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February 17, 2006 |

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For the past year or so, I’ve been doing some work with Daisuke and the folks at Intel’s People and Practices Group (Ken, Scott, and Michele) on “mobile kits,” or the stuff we haul around with us in our everyday life moving around the city. Kazys recently pointed me to a Washington Post article on “The Burdens of the Modern Beast” that suggests that are mobile kits are getting ridiculously large. I doubt the urbanites we have been tracking in our studies think of themselves as the vanguard of wearable computing, but in many ways they are. Just like the mobile phone became the popular manifestation of the theories of ubicomp, contemporary mobile kits of urbanites are the real-life instantiation of wearable computing.

After a pilot study last year, we’re in the middle of a three year longitudinal study of mobile kit use in the greater Tokyo area. I feel like its a natural extension of our work with mobile phones, expanding the focus to include all of the stuff that people haul around with them. As the mobile phone has taken on other portable object functions – the camera, music player, gaming, digital cash, etc. – our research space has also expanded from communications to a broader pallette of human activities. Media content delivery over handhelds and economic transactions seem at least at first blush to be the hotspots. I’m particulary excited that we are going to be following the same folks for several years to get a sense of how their use evolves along with life stage transitions and changing technology capabilities.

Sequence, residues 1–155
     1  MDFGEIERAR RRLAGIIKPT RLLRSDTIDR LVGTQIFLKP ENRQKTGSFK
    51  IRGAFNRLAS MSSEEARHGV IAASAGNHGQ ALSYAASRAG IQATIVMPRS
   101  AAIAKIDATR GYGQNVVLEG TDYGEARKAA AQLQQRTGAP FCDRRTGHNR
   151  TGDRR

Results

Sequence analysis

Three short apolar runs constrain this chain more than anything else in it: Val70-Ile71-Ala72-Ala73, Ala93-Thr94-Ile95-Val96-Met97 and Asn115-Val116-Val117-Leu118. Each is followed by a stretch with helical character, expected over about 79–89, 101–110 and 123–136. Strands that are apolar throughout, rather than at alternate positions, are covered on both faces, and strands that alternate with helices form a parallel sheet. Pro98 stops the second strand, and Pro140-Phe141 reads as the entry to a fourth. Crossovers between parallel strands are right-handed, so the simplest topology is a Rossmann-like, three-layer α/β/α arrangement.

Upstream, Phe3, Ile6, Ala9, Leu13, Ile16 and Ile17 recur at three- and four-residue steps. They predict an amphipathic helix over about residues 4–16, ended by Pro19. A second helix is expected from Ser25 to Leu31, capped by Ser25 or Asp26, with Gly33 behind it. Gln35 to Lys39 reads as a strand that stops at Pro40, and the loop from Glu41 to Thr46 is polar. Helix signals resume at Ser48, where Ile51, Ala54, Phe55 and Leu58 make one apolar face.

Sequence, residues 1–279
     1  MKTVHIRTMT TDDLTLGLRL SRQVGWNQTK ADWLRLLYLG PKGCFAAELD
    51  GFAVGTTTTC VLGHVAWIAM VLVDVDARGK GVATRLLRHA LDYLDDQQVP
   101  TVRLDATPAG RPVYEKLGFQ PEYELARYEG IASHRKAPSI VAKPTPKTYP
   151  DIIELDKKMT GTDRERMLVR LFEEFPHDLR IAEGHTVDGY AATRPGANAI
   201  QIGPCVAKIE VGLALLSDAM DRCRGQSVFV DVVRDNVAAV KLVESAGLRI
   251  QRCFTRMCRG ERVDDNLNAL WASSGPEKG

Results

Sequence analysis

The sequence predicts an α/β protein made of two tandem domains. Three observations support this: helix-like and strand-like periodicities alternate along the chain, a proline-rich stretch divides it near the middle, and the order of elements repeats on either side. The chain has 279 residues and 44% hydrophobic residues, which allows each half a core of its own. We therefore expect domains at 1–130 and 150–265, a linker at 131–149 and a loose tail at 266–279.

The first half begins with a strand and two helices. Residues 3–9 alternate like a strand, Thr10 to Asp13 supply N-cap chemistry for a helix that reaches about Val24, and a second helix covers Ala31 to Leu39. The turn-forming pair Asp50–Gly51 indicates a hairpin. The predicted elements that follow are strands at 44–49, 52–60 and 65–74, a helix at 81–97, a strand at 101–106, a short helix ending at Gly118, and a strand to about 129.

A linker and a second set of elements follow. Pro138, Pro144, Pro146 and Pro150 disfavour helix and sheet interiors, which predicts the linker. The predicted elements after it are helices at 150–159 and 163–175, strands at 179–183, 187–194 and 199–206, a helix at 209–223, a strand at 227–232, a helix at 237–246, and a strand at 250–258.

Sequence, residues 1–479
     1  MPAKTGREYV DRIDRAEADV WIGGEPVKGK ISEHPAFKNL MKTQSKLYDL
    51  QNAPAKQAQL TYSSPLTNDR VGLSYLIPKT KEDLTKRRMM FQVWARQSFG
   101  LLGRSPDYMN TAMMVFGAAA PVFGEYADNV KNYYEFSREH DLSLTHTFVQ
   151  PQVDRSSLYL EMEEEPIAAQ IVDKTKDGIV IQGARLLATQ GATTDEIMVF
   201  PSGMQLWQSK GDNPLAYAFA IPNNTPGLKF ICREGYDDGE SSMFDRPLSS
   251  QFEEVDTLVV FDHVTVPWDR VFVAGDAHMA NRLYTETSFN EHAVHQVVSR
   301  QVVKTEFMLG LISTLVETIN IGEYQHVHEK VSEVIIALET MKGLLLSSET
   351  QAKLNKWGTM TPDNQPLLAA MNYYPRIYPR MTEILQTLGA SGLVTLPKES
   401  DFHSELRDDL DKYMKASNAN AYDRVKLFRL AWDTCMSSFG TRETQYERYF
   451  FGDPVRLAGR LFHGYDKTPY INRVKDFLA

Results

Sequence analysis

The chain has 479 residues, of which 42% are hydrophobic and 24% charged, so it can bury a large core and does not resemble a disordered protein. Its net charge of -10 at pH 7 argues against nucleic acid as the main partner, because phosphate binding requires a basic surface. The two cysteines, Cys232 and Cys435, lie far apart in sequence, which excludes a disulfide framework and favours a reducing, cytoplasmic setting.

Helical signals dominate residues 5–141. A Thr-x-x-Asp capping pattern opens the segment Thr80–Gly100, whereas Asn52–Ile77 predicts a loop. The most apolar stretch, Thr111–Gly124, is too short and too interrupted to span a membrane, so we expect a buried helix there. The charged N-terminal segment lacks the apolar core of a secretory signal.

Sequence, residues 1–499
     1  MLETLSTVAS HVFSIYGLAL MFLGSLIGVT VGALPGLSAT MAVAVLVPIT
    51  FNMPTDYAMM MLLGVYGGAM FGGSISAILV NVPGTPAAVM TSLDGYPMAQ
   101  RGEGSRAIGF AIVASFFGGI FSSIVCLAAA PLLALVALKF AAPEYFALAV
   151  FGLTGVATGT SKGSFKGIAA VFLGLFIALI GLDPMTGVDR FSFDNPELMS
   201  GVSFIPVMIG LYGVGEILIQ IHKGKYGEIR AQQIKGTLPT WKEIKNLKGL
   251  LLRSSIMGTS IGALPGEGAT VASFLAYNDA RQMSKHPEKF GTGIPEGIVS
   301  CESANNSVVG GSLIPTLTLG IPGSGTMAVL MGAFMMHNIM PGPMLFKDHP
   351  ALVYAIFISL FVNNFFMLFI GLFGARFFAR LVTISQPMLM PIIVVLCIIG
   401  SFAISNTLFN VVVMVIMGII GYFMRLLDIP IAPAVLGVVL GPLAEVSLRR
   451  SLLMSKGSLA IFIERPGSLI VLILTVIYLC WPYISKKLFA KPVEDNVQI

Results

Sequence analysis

This work is very much in progress, but I recently posted a paper that Daisuke presented that resulted from our fist round of mobile kit research. This paper just talks about our research in Japan, but we did the study in three cities – Tokyo, Los Angeles, and London. Scott’s paper for Ubicomp 2005 analyzed the work in relation to issues in ubiquitous and wearable computing, and I also have a short rant on portable objects in a forthcoming new edition of Ted Nelson’s classic Computer Lib|Dream Machines.